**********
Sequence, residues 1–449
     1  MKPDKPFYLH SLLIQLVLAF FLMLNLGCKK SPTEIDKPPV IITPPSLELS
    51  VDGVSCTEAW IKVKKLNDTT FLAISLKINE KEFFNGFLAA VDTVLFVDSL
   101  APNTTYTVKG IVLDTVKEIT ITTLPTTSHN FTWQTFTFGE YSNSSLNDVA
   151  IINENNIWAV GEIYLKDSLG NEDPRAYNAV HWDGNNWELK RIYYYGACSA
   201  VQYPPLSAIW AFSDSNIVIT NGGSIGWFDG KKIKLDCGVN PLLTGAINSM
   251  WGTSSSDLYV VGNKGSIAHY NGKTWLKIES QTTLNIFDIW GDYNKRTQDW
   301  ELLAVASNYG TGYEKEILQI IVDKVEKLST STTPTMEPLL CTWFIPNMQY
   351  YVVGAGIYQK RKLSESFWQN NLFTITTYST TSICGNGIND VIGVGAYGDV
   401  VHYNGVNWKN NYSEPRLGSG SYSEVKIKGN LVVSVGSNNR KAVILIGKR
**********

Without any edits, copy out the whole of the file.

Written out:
Sequence, residues 1–449
     1  MKPDKPFYLH SLLIQLVLAF FLMLNLGCKK SPTEIDKPPV IITPPSLELS
    51  VDGVSCTEAW IKVKKLNDTT FLAISLKINE KEFFNGFLAA VDTVLFVDSL
   101  APNTTYTVKG IVLDTVKEIT ITTLPTTSHN FTWQTFTFGE YSNSSLNDVA
   151  IINENNIWAV GEIYLKDSLG NEDPRAYNAV HWDGNNWELK RIYYYGACSA
   201  VQYPPLSAIW AFSDSNIVIT NGGSIGWFDG KKIKLDCGVN PLLTGAINSM
   251  WGTSSSDLYV VGNKGSIAHY NGKTWLKIES QTTLNIFDIW GDYNKRTQDW
   301  ELLAVASNYG TGYEKEILQI IVDKVEKLST STTPTMEPLL CTWFIPNMQY
   351  YVVGAGIYQK RKLSESFWQN NLFTITTYST TSICGNGIND VIGVGAYGDV
   401  VHYNGVNWKN NYSEPRLGSG SYSEVKIKGN LVVSVGSNNR KAVILIGKR